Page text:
A guide at the back of the rule book covers each of the characters special powers and there are player aid cards to assist in identifying these as well. These both will come in handy and referenced quite often as you play. In all, there are eight characters, with only two of them being truly negative. Black Jack and Laoghaire cannot be re-rolled and subtract Claire and Jamie faces respectively. Geillis is special, normally deducting points unless you roll six of her. In that case, she scores more than Jamie or Claire but this is extremely tough to do.

The percentages are very good that you will see a fair number of Jamie’s and fewer so of Claire. Since he is prevalent, Jamie doesn’t really score well until you’ve got at least four of him, which earns you 6 points. His value then jumps up considerably to 10 and 15 points with five or six matches of him. Claire being a little rarer, counts strongly out of the gate, and in comparison, four of her nets you 11 points.



This is where the other characters come into play, and are further backed by card play, whose effects were covered earlier, to mitigate poor rolls. Note that there is no take that aspect in this game, all cards played affect only the current player on their own turn. Everything you do is about maximizing your points, so gamers who don’t like direct conflict will feel very comfortable here.

At the end of each turn players score their points, draw another card and play moves to the next person in line. Upon conclusion of the round, the top three players are awarded the points from the victory card. Play continues until one player has reached 40 points and they are the victor.

Destiny’s fate

Outlander: Destiny Dice is a very simple and casual game that you can easily get to the table and plays in about 20 minutes, give or take. As expected when using a Yahtzee mechanic, everything is dependent upon pure luck although there is some lite strategy in the card play.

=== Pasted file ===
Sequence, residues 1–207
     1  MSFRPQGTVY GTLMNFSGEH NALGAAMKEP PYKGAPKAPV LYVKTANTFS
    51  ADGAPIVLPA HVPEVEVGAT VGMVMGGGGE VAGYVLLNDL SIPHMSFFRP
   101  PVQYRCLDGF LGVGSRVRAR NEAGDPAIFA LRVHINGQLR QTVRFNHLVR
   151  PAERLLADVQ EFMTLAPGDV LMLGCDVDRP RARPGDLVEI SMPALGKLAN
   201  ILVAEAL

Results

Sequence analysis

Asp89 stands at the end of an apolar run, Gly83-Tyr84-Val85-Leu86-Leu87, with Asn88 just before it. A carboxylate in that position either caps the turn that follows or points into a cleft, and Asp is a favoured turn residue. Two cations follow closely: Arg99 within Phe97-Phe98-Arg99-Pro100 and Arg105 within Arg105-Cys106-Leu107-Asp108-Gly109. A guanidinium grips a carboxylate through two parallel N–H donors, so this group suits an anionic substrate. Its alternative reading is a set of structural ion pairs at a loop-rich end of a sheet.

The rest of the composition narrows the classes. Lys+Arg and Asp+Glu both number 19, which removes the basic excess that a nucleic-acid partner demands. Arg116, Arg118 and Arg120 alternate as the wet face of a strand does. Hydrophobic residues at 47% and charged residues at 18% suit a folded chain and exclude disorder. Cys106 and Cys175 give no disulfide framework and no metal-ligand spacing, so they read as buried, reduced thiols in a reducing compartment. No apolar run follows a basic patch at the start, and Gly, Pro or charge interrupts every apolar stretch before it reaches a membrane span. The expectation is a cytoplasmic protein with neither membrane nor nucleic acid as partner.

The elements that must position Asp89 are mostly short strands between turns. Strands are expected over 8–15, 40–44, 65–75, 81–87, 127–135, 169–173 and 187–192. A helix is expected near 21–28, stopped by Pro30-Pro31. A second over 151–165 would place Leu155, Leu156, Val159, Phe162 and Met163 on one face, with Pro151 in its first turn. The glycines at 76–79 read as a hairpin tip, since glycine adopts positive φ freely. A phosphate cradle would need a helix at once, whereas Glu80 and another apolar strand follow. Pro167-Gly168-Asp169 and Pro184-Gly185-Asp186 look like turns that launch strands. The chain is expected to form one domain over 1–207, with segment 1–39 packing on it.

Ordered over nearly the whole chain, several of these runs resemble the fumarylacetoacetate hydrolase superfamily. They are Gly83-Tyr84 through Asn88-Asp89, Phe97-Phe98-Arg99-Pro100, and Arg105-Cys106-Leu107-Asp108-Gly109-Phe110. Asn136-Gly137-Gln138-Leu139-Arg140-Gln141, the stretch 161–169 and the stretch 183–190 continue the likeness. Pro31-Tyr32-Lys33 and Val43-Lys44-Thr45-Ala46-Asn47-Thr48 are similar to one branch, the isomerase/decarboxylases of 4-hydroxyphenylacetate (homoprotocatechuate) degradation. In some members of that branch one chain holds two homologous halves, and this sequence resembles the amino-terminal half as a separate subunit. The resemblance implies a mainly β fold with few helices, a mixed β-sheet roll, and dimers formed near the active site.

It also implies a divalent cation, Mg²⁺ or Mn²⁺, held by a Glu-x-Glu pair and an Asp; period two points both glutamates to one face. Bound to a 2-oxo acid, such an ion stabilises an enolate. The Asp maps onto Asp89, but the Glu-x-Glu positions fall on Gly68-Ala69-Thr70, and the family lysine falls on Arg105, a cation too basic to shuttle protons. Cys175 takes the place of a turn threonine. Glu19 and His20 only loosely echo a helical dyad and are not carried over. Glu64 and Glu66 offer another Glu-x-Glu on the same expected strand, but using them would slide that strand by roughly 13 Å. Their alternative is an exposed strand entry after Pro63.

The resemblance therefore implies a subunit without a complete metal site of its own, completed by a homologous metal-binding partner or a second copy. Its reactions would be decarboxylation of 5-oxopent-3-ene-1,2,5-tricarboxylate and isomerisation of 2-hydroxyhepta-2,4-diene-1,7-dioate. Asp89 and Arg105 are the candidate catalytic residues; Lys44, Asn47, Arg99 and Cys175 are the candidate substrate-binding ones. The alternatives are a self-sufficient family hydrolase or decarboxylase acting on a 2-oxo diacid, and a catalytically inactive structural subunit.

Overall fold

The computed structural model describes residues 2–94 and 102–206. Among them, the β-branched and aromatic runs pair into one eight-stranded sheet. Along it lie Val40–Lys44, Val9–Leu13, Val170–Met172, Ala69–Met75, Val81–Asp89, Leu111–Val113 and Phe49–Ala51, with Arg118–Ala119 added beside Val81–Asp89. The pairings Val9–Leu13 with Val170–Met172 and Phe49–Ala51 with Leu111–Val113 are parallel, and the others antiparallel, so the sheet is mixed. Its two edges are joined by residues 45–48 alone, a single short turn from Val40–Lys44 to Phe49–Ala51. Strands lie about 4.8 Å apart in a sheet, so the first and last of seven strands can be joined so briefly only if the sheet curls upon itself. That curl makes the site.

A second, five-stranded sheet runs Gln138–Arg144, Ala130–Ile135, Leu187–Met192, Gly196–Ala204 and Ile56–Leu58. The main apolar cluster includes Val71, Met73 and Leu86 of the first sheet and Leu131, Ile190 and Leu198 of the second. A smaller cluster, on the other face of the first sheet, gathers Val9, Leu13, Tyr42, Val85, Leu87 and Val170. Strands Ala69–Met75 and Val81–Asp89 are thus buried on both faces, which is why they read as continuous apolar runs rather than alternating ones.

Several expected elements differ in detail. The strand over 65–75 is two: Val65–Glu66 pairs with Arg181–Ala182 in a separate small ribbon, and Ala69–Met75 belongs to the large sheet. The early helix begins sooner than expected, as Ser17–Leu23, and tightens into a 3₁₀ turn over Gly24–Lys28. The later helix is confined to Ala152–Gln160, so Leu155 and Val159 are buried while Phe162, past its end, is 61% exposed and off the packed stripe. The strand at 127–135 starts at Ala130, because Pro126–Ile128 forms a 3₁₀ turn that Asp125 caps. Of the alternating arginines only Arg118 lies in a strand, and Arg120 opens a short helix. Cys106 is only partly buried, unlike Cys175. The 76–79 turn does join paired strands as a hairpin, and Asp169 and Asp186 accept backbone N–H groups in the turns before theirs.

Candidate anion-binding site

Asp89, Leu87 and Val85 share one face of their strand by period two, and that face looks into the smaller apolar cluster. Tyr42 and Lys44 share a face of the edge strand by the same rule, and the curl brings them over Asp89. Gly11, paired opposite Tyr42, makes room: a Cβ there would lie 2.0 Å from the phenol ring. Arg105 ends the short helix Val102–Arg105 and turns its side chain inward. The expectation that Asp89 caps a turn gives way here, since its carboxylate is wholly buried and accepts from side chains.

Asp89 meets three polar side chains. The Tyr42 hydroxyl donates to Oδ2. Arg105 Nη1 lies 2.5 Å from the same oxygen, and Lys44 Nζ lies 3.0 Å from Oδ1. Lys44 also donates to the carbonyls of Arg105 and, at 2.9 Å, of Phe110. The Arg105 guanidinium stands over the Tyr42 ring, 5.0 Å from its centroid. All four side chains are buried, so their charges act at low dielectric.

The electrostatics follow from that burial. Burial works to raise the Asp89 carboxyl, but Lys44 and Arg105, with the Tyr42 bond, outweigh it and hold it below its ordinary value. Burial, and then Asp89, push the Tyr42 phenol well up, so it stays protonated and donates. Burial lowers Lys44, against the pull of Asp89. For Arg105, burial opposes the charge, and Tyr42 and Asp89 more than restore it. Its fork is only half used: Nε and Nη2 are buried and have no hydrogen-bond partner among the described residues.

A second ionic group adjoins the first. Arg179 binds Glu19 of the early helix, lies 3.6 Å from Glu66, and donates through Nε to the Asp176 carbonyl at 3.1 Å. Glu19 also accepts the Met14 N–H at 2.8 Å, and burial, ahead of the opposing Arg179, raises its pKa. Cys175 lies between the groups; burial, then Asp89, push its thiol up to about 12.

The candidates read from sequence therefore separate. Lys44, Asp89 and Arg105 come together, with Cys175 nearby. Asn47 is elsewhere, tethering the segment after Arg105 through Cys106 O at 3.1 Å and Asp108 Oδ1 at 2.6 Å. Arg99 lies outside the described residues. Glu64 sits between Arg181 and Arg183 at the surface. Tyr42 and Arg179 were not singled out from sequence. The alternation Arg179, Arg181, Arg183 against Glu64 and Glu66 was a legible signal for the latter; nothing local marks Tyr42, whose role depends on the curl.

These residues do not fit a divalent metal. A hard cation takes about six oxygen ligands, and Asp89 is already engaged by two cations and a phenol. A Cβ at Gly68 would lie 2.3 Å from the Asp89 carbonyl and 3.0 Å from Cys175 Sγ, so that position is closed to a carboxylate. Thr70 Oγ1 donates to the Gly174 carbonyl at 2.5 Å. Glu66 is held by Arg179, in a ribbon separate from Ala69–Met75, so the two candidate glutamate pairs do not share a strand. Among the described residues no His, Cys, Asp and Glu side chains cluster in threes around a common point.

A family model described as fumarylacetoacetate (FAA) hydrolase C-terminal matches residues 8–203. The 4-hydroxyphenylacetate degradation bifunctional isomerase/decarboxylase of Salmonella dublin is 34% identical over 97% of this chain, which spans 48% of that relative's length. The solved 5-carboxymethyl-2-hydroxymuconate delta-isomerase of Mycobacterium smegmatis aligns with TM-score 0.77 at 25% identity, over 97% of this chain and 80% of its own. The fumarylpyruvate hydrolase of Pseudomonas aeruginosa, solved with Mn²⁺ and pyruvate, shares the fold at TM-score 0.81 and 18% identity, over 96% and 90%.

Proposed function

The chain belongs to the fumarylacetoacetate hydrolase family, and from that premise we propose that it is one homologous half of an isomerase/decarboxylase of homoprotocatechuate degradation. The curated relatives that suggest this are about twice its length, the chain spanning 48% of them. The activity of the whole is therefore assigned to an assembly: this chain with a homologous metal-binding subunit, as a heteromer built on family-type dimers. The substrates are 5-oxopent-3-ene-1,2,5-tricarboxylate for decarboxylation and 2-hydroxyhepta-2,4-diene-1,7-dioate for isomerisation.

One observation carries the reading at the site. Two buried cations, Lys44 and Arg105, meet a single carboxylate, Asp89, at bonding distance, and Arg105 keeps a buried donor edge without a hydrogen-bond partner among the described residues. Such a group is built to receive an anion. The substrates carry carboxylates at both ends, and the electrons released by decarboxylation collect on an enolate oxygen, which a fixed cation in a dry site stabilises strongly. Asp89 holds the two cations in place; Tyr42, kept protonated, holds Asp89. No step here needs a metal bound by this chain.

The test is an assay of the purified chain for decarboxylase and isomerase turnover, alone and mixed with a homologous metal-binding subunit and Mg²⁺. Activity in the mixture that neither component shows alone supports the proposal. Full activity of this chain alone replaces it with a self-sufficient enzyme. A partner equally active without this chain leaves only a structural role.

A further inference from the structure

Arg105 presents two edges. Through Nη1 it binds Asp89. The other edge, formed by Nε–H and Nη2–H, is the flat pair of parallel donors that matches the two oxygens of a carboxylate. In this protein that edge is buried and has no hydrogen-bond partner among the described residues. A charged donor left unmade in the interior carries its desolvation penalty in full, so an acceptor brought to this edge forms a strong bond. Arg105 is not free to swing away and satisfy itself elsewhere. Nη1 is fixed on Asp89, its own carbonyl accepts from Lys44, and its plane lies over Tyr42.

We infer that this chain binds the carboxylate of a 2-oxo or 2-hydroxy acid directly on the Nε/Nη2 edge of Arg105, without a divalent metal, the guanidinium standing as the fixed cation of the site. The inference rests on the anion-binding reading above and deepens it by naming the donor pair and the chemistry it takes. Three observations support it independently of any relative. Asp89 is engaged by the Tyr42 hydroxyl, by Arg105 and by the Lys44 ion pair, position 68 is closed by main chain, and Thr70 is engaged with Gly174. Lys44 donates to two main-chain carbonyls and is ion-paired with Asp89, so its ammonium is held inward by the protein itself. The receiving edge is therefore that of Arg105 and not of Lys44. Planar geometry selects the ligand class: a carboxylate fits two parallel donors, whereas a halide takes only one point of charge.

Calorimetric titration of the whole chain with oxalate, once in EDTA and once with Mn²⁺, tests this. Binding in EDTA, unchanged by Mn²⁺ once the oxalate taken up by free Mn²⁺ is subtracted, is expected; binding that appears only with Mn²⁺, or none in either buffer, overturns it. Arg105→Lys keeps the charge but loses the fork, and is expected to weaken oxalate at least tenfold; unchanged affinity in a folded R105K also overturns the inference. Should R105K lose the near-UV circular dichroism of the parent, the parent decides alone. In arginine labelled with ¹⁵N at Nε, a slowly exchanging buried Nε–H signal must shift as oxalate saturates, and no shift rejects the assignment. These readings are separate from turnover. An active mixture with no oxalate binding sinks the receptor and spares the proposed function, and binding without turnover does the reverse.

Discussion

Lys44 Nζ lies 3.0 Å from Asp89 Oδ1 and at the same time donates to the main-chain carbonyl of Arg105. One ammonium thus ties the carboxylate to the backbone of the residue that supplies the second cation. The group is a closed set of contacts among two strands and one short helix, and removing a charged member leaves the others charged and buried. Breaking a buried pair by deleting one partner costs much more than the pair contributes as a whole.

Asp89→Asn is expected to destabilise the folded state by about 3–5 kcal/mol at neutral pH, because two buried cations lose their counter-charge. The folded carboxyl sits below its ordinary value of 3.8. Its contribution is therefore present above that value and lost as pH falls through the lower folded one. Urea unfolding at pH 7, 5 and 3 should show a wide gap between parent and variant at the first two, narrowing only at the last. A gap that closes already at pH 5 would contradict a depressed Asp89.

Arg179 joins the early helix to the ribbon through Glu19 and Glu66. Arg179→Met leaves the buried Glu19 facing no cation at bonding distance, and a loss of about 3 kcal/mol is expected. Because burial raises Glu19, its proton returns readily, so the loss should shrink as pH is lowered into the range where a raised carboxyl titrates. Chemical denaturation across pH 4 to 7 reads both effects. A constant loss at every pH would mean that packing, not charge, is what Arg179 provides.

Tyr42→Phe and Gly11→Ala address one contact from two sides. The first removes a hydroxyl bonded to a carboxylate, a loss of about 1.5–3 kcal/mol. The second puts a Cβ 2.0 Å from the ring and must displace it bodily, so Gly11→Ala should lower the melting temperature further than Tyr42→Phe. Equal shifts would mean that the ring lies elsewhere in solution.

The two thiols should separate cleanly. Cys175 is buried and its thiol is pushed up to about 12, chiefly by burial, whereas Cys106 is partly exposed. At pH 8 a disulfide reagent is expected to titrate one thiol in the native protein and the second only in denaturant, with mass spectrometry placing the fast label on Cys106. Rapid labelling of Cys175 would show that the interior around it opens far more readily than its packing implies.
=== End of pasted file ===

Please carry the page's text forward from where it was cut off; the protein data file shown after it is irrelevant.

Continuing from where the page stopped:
Die-hard fans of the show will enjoy the tie-in, and the production quality is quite high. From the Celtic flare of the board, to the sturdy cards and hefty dice embellished with beautifully rendered full color images of characters and scenes from the show, the components are all very well done. My wife the Outlander fan did enjoy the game’s presentation, however as with me, felt the game just fell flat overall.

Where the game falters is its inability to draw you into the theme, transport you to its setting, and endear you to it. Everything is dependent on luck, there is very little strategy and no bold moves to make. Sure, you can re-roll dice, if you roll a character or you have a card in your hand that allows it but there is little to no choice for the player aside from that. Absent player interaction of any sort, the game remains simply a multiplayer solitaire experience, with the luckiest player coming out the winner. With no way for players to impact their opponent’s rolls, the game never capitalizes on the the story’s overarching tale of struggle and love.

The end result is a game that works mechanically but fails to convey its rich story into compelling gameplay. Any theme could easily apply to these mechanics and play equally well.


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Note: A copy of this game was provided to me for this review.